Will and Hallie have what I would consider a "normal" sibling relationship. He pushes her buttons and she pushes his. They argue and make-up, fight and apologize, play together and play separately, pick on each other and stand up for one another. Sometimes it's hard though, in the middle of all of that chaos and noise, to figure out who each child is on their own. Without Will around to light my little firecracker's fuse, she and I got to know each other better and I am tremendously grateful for that opportunity.

I am also tremendously grateful that within 17 minutes of Will arriving home, Will and Hallie's relationship - and the chaos and noise levels in my house - had returned to normal.

Friday, June 23, 2017

High Five for Friday (6.23.17)

1. My boy comes home from camp today! Though I've missed him terribly, I am so proud of Will for taking advantage of this opportunity*. Never in a million years could I have gone away to camp not knowing a single person - he's so brave!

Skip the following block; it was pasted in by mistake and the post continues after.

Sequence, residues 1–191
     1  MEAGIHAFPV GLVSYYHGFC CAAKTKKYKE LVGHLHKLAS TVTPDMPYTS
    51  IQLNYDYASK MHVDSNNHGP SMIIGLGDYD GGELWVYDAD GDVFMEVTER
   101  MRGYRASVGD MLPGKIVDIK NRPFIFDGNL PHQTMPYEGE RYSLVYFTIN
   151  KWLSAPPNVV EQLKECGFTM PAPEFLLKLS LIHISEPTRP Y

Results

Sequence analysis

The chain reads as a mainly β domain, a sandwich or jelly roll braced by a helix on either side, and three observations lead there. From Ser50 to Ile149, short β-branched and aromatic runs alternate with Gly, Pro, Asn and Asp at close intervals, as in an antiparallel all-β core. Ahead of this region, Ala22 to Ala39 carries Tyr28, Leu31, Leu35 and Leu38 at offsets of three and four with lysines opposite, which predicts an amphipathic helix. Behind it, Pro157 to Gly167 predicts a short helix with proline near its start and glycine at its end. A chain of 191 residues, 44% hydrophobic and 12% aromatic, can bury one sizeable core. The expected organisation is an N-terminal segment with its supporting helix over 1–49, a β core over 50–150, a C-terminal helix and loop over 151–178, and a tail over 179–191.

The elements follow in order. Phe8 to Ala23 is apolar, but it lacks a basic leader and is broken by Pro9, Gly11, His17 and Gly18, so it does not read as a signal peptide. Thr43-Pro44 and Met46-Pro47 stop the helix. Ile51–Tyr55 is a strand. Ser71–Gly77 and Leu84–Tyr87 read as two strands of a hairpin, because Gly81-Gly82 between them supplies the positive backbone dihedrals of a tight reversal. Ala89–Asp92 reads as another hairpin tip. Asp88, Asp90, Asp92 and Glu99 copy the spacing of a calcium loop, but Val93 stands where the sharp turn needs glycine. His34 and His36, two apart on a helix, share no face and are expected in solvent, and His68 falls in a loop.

* A few months ago Will's fourth grade teacher nominated him - and he was selected, based on "academic success, demonstrated leadership ability, and involvement in school and community activities" - to attend the Education in Action's Lone Star Leadership Academy summer camp. While developing their leadership skills, campers are taught about the state of Texas and its leaders by visiting a number of significant sites (U.S. Bureau of Engraving and Printing, Perot Museum of Nature and Science, Amon Carter Museum of American Art, Texas Civil War Museum, For Worth Stockyards National Historic District, National Cowgirl Museum and Hall of Fame, Sixth Floor Museum at Dealey Plaza, Cowboys Stadium, and Rangers Ballpark) in the Dallas/Fort Worth area. We're so proud of him, and we can't wait to hear about his adventures!